Friday, December 14, 2007

Taking on the Anti-Earthies, Listen Up Senator Inhofe!

This guy is said to be a key player in the controversy on global warming -- In that he is one of the "global warming" doesn't exist Poster Boys and "researchers." Any who follow in his stead: listen up! I have read several of his articles and this is what I have to say.

For the record, Inhofe is concentrating on Fossil Fuels, and their emission levels, and he puts this up against a historical presence or absence of automobiles in the world in the past. (no Environmentalist uses this exclusively as the cause of global warming,) He talks about "hockey sticks" and the vascillation between cold and warm "spells" as indicative of the governments inability to make up its mind, when the truth is that irrespective of what direction climate change may go, any large changes to the contrary Will lead to the destruction of life. The danger of Global warming eventually instigating an ice age may be what they were speaking to.

He also does not take into account other ecological damage — the coal mines, the mass deforestation of Ireland and France during the tin age or the French Revolution which burned and chopped down massive swaths of forests to fund their politics. The burning of the African Congo to build railroads. The Industrialized Age began in the years 1830-40, and by 1850 in London — coal was the major fuel source for thousands of people, including ALL their colonies. You know the term London Fog? That's coal smog. And not even a decade later, we experience a "random" warming. These are all HUGE changes in how we went about our energy consumption in our daily lives.

The removal of trees affects the CO2 levels too, Not just cars, further, it may not even have had such an impact if we hadn't heavily deforested the planet which helps regulate and recycle CO2. Inhofe's article fails to take into account the fact that other eco-systems which man destroys affects planetary balance.

How about that Medieval warm period? The Medieval Warm Period of unusually warm weather occurred around 800-1300 AD, during the European Medieval period. Initial research on the MWP and the following Little Ice Age (LIA) was largely done in Europe, where the phenomenon was most obvious and clearly documented. It was initially believed that the temperature changes were global. (as Inhofe protests: global warmth without cars!) However, this view has been questioned; the 2001 IPCC report summarizes this research, saying "…current evidence does not support globally synchronous periods of anomalous cold or warmth over this time frame, and the conventional terms of 'Little Ice Age' and 'Medieval Warm Period' appear to have limited utility in describing trends in hemispheric or global mean temperature changes in past centuries". Yeah, it was warm, in Europe. The Medieval Warm Period partially coincides with the peak in solar activity named the Medieval Maximum (1100–1250). In contrast, the evidence for a global (or at least northern hemisphere) "Little Ice Age" from the 15th to 19th centuries as a period when the Earth was generally cooler than in the mid 20th century has more or less stood the test of time as Paleoclimatic records have become numerous. The idea of a global or hemispheric "Medieval Warm Period" that was warmer than today however, has turned out to be incorrect.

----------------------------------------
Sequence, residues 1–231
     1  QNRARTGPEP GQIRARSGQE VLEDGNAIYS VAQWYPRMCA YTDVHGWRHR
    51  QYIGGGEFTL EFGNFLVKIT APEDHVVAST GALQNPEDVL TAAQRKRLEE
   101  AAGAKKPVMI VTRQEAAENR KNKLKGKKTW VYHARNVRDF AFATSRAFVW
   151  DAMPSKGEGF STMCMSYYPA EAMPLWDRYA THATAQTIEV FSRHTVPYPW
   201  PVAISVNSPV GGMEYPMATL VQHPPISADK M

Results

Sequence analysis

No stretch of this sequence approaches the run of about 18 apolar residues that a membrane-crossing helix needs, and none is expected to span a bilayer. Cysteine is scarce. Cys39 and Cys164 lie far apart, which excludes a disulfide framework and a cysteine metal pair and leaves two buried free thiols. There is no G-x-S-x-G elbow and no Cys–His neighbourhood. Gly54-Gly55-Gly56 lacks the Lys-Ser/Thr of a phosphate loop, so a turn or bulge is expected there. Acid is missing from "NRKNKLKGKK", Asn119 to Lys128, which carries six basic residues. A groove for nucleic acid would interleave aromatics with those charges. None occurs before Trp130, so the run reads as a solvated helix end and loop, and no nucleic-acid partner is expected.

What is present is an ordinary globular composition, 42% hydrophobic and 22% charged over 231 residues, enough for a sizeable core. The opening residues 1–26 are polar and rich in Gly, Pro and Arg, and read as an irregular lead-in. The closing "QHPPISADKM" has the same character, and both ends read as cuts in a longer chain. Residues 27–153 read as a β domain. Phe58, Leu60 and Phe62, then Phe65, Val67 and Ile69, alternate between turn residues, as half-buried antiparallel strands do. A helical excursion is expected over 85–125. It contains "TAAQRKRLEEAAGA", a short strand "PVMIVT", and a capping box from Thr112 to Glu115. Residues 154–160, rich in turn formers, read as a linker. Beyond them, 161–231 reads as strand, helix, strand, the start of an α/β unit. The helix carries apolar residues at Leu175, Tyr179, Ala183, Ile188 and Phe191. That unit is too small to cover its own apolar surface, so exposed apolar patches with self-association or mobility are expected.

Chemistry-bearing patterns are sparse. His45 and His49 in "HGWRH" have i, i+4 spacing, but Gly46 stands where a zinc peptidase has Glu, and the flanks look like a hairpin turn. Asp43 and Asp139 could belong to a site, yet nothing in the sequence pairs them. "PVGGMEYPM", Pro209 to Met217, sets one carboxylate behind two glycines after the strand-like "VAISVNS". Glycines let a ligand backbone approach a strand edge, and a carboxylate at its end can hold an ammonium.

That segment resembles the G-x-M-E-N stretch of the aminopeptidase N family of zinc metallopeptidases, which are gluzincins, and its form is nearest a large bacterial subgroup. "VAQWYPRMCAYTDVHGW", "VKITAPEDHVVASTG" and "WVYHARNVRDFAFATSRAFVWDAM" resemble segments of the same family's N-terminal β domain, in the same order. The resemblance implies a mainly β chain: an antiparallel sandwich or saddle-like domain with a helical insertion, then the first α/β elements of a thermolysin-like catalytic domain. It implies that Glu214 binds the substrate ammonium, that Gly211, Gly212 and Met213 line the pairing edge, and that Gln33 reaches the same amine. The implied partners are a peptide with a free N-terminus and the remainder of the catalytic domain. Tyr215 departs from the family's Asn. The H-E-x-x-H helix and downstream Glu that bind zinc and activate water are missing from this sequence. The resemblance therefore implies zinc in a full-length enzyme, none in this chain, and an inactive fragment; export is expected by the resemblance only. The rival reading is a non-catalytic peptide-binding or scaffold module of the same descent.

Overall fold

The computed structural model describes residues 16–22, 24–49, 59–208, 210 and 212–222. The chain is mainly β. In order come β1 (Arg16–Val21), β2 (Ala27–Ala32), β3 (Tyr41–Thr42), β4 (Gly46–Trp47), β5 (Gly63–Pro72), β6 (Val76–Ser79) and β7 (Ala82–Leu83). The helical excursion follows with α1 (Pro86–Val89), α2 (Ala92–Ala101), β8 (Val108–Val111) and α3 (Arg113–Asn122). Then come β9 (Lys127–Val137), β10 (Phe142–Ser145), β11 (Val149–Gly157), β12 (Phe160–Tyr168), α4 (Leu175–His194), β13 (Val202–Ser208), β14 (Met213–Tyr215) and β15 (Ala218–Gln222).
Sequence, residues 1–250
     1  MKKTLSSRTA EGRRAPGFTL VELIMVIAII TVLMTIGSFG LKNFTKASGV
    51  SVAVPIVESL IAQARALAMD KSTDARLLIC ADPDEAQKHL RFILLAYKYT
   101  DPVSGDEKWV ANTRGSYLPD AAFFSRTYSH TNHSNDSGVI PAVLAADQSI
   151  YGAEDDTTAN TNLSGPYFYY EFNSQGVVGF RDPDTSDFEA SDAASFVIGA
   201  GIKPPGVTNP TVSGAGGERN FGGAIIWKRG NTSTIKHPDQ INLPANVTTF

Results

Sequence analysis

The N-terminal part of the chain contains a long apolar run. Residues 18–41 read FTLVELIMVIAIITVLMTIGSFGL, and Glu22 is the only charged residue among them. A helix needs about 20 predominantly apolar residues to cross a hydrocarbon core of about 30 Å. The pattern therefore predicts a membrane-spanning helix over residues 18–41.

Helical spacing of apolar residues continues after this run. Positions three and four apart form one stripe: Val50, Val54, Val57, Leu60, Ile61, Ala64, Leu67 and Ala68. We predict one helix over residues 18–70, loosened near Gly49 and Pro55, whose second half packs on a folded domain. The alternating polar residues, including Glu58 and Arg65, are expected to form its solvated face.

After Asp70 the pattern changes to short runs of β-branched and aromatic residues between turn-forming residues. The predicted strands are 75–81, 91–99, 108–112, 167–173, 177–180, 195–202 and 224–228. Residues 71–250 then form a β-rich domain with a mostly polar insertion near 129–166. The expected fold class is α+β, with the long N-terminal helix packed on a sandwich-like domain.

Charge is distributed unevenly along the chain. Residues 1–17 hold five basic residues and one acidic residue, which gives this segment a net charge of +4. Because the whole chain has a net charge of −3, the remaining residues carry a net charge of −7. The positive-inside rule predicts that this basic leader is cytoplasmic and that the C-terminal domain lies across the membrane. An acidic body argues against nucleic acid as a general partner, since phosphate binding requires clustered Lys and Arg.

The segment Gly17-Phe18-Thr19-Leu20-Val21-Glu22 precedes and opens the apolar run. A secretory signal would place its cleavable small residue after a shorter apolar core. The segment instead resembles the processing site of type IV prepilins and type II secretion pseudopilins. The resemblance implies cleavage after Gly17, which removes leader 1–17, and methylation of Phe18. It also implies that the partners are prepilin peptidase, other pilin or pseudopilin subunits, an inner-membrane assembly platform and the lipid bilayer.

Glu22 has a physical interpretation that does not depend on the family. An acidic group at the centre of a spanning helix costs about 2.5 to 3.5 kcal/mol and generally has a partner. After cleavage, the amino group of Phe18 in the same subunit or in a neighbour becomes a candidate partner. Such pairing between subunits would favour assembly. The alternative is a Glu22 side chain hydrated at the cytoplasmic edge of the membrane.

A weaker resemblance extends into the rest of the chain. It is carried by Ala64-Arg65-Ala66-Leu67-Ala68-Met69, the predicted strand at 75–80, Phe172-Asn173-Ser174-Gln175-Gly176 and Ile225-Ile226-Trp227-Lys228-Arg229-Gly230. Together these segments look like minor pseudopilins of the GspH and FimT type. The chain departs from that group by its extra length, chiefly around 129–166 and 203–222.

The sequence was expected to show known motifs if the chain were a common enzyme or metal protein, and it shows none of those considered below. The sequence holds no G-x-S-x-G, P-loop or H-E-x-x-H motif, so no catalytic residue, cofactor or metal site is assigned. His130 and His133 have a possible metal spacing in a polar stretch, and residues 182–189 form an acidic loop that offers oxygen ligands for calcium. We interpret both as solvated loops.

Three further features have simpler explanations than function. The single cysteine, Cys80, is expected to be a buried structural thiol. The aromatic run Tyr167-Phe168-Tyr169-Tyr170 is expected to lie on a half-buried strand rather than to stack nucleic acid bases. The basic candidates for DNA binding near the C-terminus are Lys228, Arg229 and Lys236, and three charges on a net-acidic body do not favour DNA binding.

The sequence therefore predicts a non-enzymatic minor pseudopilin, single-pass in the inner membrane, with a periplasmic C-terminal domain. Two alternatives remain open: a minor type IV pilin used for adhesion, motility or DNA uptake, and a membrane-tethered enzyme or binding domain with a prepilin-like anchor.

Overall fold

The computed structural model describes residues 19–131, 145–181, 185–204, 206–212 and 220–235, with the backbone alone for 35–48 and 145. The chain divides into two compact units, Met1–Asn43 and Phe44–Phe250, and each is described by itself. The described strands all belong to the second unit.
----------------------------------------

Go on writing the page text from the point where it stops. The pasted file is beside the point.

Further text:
Inhofe talks about 1859 as a warm year and yet fails to tell us that this was the FIRST year where petroleum began being used as a new "improved" resource, this is the same year that Japan went into its high industrialization, burning coal almost exclusively for energy in Kyoto and Tokyo. It is also the year that countries began drilling for Natural gas deposits.... (leaving behind hollow empty bubbles of air, which creates instability in the earth's crust and actually effects the wobble on the earth's axis. It isn't the only contributor by a long-shot but it is one of them.)

Fact is in the 1850's: Coal became more attractive, both because deposits were often found near the new railroad rights of way and because its higher energy content increased the range and load of steam trains. Demand for coal also rose because the railroads were laying thousands of miles of new track and the metals industry needed an economical source of coal to make iron and steel for the rails and spikes. The transportation and industrial sectors in general began to grow rapidly during the latter half of the century, and coal helped fuel their growth.

Petroleum also got its start between 1840 and 1855. By the end of WWI America's appetite for energy, alone, as it industrialized was prodigious, roughly quadrupling between 1880 and 1918. Coal fed much of this growth, in applications and total use alike. Petroleum got major boosts with the discovery of Texas's vast Spindletop Oil Field in 1901 and with the advent of mass-produced automobiles, several million of which had been built by 1918. (Let me repeat, he says 1895 NOT 1995)